Christopher Skura is a visual artist living in New York City.
Skura has lived in Manhattan since 1995 and has exhibited his work throughout the United States. He holds a degree in painting and drawing and a professional certificate in sculpture from the Ringling College of Art and Design and a Liberal Arts degree from New York University. Skura has studied ceramic sculpture with Peter Gourfain at Greenwich House Pottery, drawing with Mark Barnett, Nicki Orbach and Leonid Gervits at The Art Students League of New York and stained-glass design and construction at The Peters Valley School of Craft. He is included in many private collections.
Christopher has worked in the studios of artists John Chamberlain (“Ten Coconut”) and Hunt Slonem, and has held staff positions at The Ringling Museum of Art, New York University's Art Museum/ Grey Art and at the The Guggenheim SoHo and Solomon R. Guggenheim Museum in New York City. During this time, he had the unique opportunity to fabricate and construct many artworks for other artists.
In 2011, Skura and clay artist Julie Knight started building JAKPOT Ceramic Studios in the Catskill Mountains outside of Woodstock, NY where they sometimes collaborate on artworks. His artwork is represented by Cross Contemporary Art in Saugerties, NY.
His most recent artwork references architecture, structural systems, emergence theory and the human figure. Improvisation and freehand drawing are emphasized. Some of Skura’s forms are organic and plant-like but others suggest the machinery of a man-made environment. This duality reflects his experiences growing up in the lush Florida landscape and his current life living and working in Manhattan.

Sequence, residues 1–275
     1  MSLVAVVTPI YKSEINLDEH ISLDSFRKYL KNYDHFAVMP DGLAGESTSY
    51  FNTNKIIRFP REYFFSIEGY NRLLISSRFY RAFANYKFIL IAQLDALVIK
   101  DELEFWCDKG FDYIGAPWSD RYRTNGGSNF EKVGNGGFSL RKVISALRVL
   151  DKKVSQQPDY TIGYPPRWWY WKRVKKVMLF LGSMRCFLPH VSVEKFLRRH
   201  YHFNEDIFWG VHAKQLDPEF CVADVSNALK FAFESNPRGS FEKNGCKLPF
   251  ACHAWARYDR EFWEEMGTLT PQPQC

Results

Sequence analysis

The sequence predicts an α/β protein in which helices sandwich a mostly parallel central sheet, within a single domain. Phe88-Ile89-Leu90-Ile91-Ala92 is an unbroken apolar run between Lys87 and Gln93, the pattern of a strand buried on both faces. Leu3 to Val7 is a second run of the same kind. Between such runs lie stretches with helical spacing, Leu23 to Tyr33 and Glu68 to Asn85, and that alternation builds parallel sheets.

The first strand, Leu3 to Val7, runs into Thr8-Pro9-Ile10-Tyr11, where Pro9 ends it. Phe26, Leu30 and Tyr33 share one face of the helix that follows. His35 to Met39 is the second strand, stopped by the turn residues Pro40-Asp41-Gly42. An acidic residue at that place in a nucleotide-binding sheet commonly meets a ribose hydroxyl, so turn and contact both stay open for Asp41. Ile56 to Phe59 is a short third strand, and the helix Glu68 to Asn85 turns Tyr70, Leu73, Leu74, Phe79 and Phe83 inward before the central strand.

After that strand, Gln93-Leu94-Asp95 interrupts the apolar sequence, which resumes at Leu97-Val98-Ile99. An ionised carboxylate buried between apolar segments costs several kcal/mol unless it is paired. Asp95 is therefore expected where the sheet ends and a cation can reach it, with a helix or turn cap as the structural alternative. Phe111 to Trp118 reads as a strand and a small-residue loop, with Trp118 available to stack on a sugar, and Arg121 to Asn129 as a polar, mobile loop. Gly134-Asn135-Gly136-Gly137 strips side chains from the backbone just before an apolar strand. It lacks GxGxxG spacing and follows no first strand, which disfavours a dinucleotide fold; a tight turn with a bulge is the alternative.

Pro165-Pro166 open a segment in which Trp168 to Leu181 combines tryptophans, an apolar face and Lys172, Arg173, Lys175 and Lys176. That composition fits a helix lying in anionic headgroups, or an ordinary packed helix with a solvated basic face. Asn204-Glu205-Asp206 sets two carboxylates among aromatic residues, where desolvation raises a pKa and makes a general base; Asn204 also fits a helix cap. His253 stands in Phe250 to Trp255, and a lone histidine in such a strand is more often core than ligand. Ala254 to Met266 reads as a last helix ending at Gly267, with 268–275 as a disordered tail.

“Christopher Skura creates systems. Systems thrive or fail based on the connectedness of its parts and Skura's work is no different. Although improvised and free at their inception, his drawings evolve into technological and biological architecture through his ability to make contrasting elements work together seamlessly. Christopher Skura takes the viewer on a behind-the-scenes voyage through a complex imaginative system of shape, theory and color. He lives and works in New York, NY.”
Jonathan Greene/ Curator/ Hunterdon Art Museum. 2012
“Looking around Skura’s Soho workshop, it is no wonder what inspires the images he makes. Tools, jars of colored pencils, brushes and ink bottles are juxtaposed with low hanging, kicking and leaky pipes. It is a hodge-podge of street finds and scavenged hardware that straddles a definition between gritty and homely. In a word, eclectic, like Skura. In his work, Boxy mechanical shapes join together and twist apart as they flow organically across the surface. Thought bubbles emerge and grow more bubbles. Some forms are pushed into the background with a pebbly white haze. If one thing is constant concerning this work, it is Skura’s lack of affinity to a single medium or esthetic tool; it appears to be a free-for-all determined to solve itself. Skura’s work is a thoughtful, exploratory art suspicious of rules and willing to admit mistakes. Starting with specific forms and growing into a general composition, Skura compromises and edits these pictures through a process that reveals itself to the viewer. Mistakes are simply pushed to the background and worked over. His drawings are improvisation; a search for resolution. It comes from an understanding that art making does not solve problems, but quite oppositely, poses more questions. It is this constant questioning and reevaluation that lends honestly to his drawings.”
Jason Marquis/ Gallerist/ Los Angeles CA
“Skura causes us to investigate the recognizable and unrecognizable and to make sense of what is real and illusionary as well as what is memory and what is construction”
Mark Ormond/ Curator/ Sarasota, FL
“Skura’s drawings are populated by a complex web of tiny blocks connected chemical-model style and stacked layer upon layer. Tiny symbols and building blocks, scattered about the paper that reach for each other connect in strings or seek isolation, bringing to mind not only the fabric of chemicals and molecules, but that of political, cultural and social spheres.”
Damarys Ocana/ New MiamiTimes/ Miami, FL